In Depth

App Usage Surge Led By Mobile Shopping

No matter which sector of the payments industry you’re looking at, the conversation always comes back to mobile. Mobile payments, mobile shopping, mobile websites and mobile app — it all begins with mobile.

Each of those categories brings with it debates about usage and growth about what’s driving consumers to turn to mobile for their everyday tasks. Mobile app usage is growing each year as new innovations and technologies are introduced into the market, but just how rapid is the growth? From looking at mobile app usage research from Flurry Analytics, it appears that growth skyrocketed in 2014.

Overall app usage in 2014 alone grew 76 percent, and that’s factoring in growth across nine categories: Lifestyle and shopping; utilities and productivity; social messaging; health and fitness; travel; sports; news and magazines; music, media and entertainment; and games. The largest growth category of those was lifestyle and shopping, which showed a 174 percent increase from 2013, more than double the average of the rest of the categories.

“In 2014, shopping, utilities and productivity, and messaging experienced triple-digit growth and were the key drivers. As our mobile devices become more and more a part of our everyday lives, we are increasingly using them for always-on shopping, working, and communication. Where years past have seen massive growth in games and entertainment, 2014 was the year apps got down to serious business,” the report said.

Growth in shopping app usage specifically could mean big things for the e-commerce industry as well as for mobile payments since the massive year-over-year growth shows consumers are warming up to the idea of using their mobile phone for more everyday tasks. For apps like Apple Pay or Google Wallet to take off, consumers must think of them as second nature when it comes to making a payment. That’s how leaders at Apple and Google are trying to convince consumers to think.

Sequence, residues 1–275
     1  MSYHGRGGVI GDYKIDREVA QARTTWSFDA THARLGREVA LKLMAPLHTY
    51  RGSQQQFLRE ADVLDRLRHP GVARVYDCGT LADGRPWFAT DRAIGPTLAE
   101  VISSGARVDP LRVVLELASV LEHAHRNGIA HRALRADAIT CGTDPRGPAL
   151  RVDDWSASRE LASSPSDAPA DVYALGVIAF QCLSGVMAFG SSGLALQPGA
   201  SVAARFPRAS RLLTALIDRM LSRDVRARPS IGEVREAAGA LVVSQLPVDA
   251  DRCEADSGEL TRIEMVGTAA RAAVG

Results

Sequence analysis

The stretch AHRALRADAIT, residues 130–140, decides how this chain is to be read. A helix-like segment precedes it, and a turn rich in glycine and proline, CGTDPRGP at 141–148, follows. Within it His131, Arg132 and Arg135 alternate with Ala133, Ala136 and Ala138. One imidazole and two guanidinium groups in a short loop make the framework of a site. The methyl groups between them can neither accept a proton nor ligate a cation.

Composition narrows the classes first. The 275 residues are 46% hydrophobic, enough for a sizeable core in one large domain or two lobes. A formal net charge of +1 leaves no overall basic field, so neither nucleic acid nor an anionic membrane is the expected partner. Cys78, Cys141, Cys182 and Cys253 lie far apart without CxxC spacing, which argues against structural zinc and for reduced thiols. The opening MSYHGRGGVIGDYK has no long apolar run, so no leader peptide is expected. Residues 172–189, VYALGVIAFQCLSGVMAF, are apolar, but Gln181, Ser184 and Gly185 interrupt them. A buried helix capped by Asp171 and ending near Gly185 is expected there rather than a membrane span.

Social message apps also saw a significant year-over-year growth, posting a 103 percent increase in 2014. That’s particularly relevant this year, as messaging apps have become potential payment platforms through apps like SnapChat. Pay by Tweet was also introduced in 2014 and Facebook is looking to explore payment options through its messaging app.

Flurry Analytics’ data reviewed sessions, defined in the report as anytime a consumer opened an app, which varied when looking at iOS versus Android. The iOS figures that showed a 174 percent increase included both lifestyle and shopping figures, but the report was able to break down Android figures, which showed a shopping app usage increase of 220 percent from 2013.

“Every app store category has again seen session growth in 2014. While 2013 was the year messaging apps took off, 2014 was the year retail came to mobile in a big way,” Furry Analytics reported.

The report also was able to break down shopping app users by time of day to gain a better understanding of when and where consumers are tuning in to browse or shop. The data was broken down by engagement with shopping apps by zip code to determine whether users were at home or out while on the app. What the data showed is that there was a spike on the shopping apps during the commuter travel time at 9 a.m. and then again at noon. The app usage then dips off and picks back up again most at 8 p.m. when users return home.

“These new behavior patterns present great opportunities and challenges for retailers,” the report said. “Retailers need to adjust to the new reality of a multitude of stores in every consumer’s pocket, 24 hours a day, seven days a week.”


The growth in e-commerce has already forced retailers to shift direction toward redesigning websites and launching mobile apps. Now, however, it’s about increasing in-app usage, Flurry Analytics said. Now, instead of being web-first, commerce companies must turn that attention toward being mobile-first if they want to keep up with consumer behavior.



New PYMNTS Report: Preventing Financial Crimes Playbook – July 2020 

Call it the great tug-of-war. Fraudsters are teaming up to form elaborate rings that work in sync to launch account takeovers. Chris Tremont, EVP at Radius Bank, tells PYMNTS that financial institutions (FIs) can beat such highly organized fraudsters at their own game. In the July 2020 Preventing Financial Crimes Playbook, Tremont lays out how.